But the new language was of even greater concern to Mr. Cassidy, who said he would fight any effort to ban the posting of any written materials that are not official business on the walls of the city’s 350 firehouses.

Curt Varone has links to the series of orders and memos and gives us the legal perspective at FireLawBlog.com.

My non-legal mind reminds me of a similar story I covered in 1992 in the District of Columbia. Captain Larry Watts, with the help of IAFF Local 36 and the ACLU, was successful in court fighting disciplinary action after Watts posted a political cartoon in the firehouse that depicted well known athletes with some very public baggage and a firefighter. The caption read, "Kids! Find the positive role model". The cartoon was considered a problem by some because the athletes were black. Click here to read more about Watts v. Alfred.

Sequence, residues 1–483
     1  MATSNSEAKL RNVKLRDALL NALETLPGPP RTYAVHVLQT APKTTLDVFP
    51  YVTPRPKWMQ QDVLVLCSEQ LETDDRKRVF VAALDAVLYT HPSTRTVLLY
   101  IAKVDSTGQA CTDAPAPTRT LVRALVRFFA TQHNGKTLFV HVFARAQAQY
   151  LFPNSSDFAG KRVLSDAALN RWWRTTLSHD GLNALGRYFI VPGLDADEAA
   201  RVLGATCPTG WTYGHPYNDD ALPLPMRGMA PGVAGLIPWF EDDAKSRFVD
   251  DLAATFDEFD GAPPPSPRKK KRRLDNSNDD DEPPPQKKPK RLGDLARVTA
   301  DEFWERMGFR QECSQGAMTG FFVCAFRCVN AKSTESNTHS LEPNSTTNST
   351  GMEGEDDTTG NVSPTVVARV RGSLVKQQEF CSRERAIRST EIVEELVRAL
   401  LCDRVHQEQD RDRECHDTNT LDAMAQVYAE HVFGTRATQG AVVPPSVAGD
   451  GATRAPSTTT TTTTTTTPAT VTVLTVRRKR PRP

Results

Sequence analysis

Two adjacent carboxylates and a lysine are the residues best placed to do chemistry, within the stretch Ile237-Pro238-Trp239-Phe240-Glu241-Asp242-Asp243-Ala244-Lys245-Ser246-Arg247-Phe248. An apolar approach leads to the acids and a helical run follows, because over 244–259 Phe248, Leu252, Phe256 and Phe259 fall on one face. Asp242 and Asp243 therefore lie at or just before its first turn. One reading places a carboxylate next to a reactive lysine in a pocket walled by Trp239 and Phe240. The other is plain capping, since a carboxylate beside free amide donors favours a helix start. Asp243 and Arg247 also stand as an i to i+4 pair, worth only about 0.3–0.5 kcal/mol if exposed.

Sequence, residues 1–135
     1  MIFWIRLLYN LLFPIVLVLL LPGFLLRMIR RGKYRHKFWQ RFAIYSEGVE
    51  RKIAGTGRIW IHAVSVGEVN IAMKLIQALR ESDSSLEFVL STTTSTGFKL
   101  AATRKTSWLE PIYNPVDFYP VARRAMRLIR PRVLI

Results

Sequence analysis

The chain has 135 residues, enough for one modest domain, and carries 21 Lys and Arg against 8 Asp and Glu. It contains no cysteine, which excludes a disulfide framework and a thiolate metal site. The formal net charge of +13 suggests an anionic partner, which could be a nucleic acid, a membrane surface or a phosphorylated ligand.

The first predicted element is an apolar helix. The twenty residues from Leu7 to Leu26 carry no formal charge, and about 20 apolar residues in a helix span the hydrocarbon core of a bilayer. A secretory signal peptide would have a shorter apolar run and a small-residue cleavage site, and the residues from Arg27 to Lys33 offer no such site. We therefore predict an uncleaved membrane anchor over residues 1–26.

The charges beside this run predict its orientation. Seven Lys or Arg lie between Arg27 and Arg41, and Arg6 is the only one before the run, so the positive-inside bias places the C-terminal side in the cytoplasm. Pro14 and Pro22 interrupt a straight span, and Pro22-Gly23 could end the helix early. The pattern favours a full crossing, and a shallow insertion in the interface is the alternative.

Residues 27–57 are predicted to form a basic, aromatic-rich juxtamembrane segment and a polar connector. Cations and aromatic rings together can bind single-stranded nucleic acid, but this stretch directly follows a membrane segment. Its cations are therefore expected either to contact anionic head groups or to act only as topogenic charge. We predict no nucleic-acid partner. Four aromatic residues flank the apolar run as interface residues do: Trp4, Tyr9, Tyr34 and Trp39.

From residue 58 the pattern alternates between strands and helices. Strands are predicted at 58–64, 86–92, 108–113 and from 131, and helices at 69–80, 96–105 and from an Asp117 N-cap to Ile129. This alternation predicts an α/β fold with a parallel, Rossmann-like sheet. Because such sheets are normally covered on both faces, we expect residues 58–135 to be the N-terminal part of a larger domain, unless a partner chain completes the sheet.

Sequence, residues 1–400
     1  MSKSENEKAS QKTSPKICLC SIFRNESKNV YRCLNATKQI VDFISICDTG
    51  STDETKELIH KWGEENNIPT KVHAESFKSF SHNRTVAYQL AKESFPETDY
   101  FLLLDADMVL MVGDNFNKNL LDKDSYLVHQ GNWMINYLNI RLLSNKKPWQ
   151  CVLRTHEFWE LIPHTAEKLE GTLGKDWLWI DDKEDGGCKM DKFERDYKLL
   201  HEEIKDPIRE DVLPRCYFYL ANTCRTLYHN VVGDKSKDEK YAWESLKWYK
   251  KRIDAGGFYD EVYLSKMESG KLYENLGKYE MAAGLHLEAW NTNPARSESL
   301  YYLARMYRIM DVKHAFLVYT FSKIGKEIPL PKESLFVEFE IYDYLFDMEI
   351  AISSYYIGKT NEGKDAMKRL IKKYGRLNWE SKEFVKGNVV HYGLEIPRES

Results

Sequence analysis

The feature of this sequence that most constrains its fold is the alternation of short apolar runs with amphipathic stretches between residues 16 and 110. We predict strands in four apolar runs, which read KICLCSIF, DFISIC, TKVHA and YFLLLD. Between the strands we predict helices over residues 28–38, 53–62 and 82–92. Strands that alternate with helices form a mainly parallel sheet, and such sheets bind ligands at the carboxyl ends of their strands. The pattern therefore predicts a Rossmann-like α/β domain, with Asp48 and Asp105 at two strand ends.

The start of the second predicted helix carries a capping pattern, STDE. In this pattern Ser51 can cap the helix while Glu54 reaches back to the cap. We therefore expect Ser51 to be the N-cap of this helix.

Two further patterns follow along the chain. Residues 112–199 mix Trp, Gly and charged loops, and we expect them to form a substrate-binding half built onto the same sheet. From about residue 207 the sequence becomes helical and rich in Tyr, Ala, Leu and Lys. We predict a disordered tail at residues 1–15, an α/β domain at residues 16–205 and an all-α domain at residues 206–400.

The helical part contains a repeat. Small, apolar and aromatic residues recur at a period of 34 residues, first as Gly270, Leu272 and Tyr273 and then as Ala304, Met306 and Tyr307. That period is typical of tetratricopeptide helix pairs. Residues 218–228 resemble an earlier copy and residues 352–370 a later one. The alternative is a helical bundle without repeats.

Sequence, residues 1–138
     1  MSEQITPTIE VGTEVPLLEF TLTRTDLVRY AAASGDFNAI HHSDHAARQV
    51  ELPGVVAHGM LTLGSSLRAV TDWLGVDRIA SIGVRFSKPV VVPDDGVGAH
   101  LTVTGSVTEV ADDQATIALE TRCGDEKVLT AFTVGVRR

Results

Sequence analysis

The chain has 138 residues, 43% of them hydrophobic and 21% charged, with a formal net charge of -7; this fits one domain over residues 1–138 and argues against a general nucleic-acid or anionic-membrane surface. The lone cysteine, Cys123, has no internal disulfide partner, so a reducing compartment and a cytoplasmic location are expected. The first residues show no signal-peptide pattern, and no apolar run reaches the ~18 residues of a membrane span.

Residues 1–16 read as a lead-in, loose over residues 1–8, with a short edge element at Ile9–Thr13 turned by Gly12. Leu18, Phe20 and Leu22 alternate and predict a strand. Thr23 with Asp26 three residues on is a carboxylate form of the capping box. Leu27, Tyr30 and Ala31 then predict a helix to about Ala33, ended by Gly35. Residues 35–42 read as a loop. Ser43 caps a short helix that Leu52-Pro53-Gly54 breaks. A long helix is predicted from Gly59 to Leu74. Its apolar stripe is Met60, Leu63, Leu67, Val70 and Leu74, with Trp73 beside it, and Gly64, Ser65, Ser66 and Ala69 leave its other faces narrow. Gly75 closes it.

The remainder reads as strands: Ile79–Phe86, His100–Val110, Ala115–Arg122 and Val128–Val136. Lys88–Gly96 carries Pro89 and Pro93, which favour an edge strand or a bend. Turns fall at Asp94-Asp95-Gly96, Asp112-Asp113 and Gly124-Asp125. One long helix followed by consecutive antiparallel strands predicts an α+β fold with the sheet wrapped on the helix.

Jackson, Mississippi

Twenty-six of 28 recruits for the Jackson Fire Department failed a State Certification exam. So, what does that story have to do with free speech or social media? Nice of you to ask. After the word leaked out on the Facebook page of a former assistant chief, and then reported on Tuesday in the Jackson press and by my friend Bill Schumm at Firegeezer, an even more interesting story surfaced on Wednesday. Here are details from ClarionLedger.com's Therese Apel:

Jackson Fire Chief Raymond McNulty has put his firefighters on notice not to post inaccurate information or comments harmful to the department on their social network sites.

They also cannot post photos of themselves in uniform or posing with city equipment.